Tectonic Forces

4.3 Measuring and Locating Earthquakes

Focus and Epicenter

The focus, also called a hypocenter of an earthquake, is the point of initial breaking or rupturing where the displacement of rocks occurs. The focus is always at some depth below the ground surface in the crust, and not at the surface. From the focus, the displacement propagates up, down, and laterally along the fault plane. The displacement produces shock waves, creates seismic waves. The larger the displacement and the further it propagates, the more significant the seismic waves and ground shaking. More shaking is usually the result of more seismic energy released. The epicenter is the location on the Earth’s surface vertically above the point of rupture (focus). The epicenter is also the location that most news reports give because it is the center of the area where people are affected. The focus is the point along the fault plane from which the seismic waves spread outward. (9 Crustal Deformation and Earthquakes – An Introduction to Geology, n.d.)

Focus and Epicenter” by the Utah Geologic Survey is licensed under Public Domain.

Seismic Waves

Seismic waves are an expression of the energy released after an earthquake in the form of body waves and surface waves. When seismic energy is released, the first waves to propagate out are body waves that pass through the planet’s body. Body waves include primary waves (P waves) and secondary waves (S waves). Primary waves are the fastest seismic waves. They move through the rock via compression, very much like sound waves move through the air. Particles of rock move forward and back during the passage of the P waves. Primary waves can travel through both fluids and solids. Secondary waves travel slower and follow primary waves, propagating as shear waves. Particles of rock move from side to side during the passage of S waves. Because of this, secondary waves cannot travel through liquids, plasma, or gas.

When an earthquake occurs at a location in the earth, the body waves radiate outward, passing through the earth and into the rock of the mantle. A point on this spreading wave-front travels along a specific path that reaches a seismograph located at one of the thousands of seismic stations scattered over the earth. That specific travel path is a line called a seismic ray. Since the density (and seismic velocity) of the mantle increases with depth, a process called refraction causes earthquake rays to curve away from the vertical and bend back toward the surface, passing through bodies of rock along the way.

Seismic Waves” by the United States Geologic Survey is licensed under Public Domain.

Surface waves are produced when P and S body waves strike the earth’s surface and travel along the Earth’s surface, radiating outward from the epicenter. Surface waves travel more slowly than body waves. They have complex horizontal and vertical ground movements that create a rolling motion. Because they propagate at the surface and have complex motions, surface waves are responsible for most of the damage. Two types of surface waves are Love waves and Rayleigh waves. Love waves produce horizontal ground shaking and, ironically from their name, are the most destructive. Rayleigh waves produce an elliptical motion of points on the surface, with longitudinal dilation and compression, like ocean waves. How-ever, with Raleigh waves, rock particles move in a direction opposite to that of water particles in ocean waves. (9 Crustal Deformation and Earthquakes – An Introduction to Geology, n.d.)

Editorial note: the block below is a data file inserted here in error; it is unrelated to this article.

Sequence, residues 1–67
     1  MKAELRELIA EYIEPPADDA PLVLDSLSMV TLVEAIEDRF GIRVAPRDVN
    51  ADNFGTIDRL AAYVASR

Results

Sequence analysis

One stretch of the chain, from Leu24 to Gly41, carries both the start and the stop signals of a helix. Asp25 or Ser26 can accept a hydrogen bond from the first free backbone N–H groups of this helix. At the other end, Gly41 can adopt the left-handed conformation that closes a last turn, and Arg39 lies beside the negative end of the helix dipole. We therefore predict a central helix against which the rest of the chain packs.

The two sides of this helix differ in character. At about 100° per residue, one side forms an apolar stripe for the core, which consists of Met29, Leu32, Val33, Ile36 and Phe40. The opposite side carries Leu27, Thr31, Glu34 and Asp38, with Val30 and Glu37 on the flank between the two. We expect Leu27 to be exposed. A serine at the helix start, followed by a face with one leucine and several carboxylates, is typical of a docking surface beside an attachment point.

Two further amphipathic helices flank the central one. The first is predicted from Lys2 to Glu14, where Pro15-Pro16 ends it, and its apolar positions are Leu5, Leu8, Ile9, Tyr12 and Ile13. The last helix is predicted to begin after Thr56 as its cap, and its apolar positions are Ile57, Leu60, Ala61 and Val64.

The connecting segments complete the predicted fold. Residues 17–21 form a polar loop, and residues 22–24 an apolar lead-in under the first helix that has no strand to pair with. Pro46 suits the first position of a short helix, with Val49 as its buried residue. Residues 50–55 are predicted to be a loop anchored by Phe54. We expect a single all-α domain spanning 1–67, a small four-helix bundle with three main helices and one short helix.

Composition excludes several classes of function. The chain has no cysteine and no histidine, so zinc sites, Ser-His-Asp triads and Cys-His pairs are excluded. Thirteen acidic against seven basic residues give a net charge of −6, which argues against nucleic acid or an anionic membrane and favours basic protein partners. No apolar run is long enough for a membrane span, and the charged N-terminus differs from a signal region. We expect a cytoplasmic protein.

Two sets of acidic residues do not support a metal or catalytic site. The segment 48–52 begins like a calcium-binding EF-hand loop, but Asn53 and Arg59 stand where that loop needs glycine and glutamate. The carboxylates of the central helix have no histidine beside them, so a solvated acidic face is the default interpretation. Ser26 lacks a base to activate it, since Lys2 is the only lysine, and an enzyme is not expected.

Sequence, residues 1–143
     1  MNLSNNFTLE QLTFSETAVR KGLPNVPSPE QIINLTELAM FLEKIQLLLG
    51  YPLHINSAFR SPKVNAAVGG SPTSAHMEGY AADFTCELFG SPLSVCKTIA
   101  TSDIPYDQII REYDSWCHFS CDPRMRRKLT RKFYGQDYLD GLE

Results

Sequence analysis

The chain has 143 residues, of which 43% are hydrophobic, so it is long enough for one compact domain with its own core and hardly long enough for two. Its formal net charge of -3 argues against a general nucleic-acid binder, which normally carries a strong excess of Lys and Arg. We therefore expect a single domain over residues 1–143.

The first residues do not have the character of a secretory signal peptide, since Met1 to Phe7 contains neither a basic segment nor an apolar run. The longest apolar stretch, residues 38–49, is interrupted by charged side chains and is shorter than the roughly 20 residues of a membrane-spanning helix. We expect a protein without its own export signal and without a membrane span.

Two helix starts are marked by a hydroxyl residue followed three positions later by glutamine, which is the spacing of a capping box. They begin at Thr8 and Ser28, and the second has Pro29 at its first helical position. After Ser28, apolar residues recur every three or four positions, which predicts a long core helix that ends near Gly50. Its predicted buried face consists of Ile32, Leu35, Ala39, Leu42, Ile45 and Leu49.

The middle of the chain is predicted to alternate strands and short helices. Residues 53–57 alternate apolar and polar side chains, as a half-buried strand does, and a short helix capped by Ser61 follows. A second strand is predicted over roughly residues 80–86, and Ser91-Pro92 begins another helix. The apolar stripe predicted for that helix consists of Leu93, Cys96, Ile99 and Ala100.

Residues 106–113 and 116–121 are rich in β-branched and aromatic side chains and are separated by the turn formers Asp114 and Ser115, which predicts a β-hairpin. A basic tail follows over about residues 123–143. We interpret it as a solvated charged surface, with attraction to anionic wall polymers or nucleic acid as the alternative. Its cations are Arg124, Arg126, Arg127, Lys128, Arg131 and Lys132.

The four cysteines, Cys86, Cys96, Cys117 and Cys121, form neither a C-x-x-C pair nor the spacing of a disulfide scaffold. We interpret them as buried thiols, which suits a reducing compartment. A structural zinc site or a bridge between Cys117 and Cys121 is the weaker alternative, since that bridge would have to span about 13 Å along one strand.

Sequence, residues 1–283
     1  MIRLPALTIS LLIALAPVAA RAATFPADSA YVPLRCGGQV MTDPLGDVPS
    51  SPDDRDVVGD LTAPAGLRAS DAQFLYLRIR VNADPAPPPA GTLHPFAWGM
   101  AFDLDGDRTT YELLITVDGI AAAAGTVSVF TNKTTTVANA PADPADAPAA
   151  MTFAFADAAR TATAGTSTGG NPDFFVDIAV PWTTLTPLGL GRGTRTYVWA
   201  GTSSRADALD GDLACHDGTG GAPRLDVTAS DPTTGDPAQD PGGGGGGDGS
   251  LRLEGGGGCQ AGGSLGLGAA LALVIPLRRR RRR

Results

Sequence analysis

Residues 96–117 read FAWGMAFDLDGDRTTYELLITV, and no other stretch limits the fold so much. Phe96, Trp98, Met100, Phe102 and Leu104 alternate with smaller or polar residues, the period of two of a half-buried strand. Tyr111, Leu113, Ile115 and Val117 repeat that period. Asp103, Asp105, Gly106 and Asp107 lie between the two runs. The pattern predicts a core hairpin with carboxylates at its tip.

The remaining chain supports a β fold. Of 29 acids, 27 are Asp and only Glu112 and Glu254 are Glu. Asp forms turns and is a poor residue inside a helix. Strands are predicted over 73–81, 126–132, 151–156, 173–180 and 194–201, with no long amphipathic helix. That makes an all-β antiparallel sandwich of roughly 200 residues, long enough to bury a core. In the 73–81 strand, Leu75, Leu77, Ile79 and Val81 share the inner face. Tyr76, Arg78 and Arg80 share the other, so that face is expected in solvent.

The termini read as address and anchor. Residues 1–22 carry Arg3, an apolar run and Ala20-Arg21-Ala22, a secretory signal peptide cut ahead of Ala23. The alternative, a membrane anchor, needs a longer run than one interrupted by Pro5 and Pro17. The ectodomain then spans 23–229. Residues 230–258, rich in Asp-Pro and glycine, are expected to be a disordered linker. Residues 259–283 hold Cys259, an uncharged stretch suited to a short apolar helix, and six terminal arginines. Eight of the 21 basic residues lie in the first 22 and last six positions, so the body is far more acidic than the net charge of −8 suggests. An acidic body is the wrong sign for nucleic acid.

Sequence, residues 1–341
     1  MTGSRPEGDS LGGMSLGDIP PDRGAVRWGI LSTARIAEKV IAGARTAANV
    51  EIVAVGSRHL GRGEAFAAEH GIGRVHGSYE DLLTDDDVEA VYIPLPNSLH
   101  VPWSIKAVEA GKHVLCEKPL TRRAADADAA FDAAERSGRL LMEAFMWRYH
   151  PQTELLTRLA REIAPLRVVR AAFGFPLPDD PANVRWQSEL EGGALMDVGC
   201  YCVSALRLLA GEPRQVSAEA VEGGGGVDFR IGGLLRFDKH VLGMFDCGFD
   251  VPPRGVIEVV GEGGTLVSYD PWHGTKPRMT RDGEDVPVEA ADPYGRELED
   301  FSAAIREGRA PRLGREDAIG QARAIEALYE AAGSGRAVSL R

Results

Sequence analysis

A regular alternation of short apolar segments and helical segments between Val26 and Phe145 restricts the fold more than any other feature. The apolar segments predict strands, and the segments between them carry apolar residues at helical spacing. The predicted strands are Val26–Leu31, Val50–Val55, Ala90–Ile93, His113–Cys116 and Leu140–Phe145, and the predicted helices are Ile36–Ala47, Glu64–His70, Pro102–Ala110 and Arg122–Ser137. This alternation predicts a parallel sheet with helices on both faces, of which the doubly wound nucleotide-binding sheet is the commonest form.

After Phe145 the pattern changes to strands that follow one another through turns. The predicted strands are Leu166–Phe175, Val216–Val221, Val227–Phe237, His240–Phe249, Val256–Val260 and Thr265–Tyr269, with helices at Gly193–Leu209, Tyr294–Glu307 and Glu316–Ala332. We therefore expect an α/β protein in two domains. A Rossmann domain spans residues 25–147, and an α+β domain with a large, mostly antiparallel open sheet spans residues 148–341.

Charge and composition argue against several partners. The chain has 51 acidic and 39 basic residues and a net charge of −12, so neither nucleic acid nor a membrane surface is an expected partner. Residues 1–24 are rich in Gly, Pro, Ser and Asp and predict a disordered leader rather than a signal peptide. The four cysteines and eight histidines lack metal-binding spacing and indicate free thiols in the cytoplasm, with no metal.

Earth is like a bell, and an earthquake is a way to ring it. Like other waves, seismic waves bend and bounce when passing from one material to another, like moving from a dense rock to rock with even higher density. When a wave bends as it moves into a different substance, it is known as refraction, and when waves bounce back, it is known as reflection. Because S waves cannot move through a liquid, they are blocked by the liquid outer core, creating a shadow zone on the opposite side of the planet to the earthquake source.

Seismographs

Seismographs are instruments used to measure seismic waves. They measure the vibration of the ground using pendulums or springs. The seismograph principle involves mounting a recording device solidly to the earth and suspending a pen or writing instrument above it on a spring or pendulum. As the ground shakes, the suspended pen records the shaking on the recording device. The graph resulting from measurements of a seismograph is a seismogram. Seismographs of the early 20th century were mostly springs or pendulums with pens on them that wrote on a rotating drum of paper. Digital ones now use magnets and wire coils to measure ground motion. Typical seismograph arrays measure vibrations in three directions: north-south (x), east-west (y), and up-down (z).

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Seismograph Recording” is licensed under Creative Commons Attribution 4.0 International.

To determine the distance of the seismograph from the epicenter, seismologists use the difference between when the first P waves and S waves arrive. After an earthquake, P waves will appear first on the seismogram, followed by S waves, and finally, body waves, which have the largest amplitude on the seismogram. Surface waves do lose energy quickly, so they are not measured at great distances from the focus. Seismograph technology across the globe record the arrival of seismic waves from each earthquake at many station sites. The distance to the epicenter can be determined by comparing arrival times of the P and S waves. Electronic communication among seismic stations and connected computers used to make calculations mean that locations of earthquakes and news reports about them are generated quickly in the modern world. (9 Crustal Deformation and Earthquakes – An Introduction to Geology, n.d.)

Locating Earthquakes